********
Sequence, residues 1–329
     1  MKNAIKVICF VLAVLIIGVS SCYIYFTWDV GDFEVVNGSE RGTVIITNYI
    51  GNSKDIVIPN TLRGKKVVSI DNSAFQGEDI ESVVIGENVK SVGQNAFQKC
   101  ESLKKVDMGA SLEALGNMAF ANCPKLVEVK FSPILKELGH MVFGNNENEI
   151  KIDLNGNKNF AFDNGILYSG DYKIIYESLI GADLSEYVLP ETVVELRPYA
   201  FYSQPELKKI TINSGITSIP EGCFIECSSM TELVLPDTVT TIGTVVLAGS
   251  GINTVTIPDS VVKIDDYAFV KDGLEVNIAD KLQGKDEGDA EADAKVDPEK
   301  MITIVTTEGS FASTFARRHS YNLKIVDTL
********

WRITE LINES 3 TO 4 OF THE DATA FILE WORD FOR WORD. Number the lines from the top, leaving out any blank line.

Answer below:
    51  GNSKDIVIPN TLRGKKVVSI DNSAFQGEDI ESVVIGENVK SVGQNAFQKC
   101  ESLKKVDMGA SLEALGNMAF ANCPKLVEVK FSPILKELGH MVFGNNENEI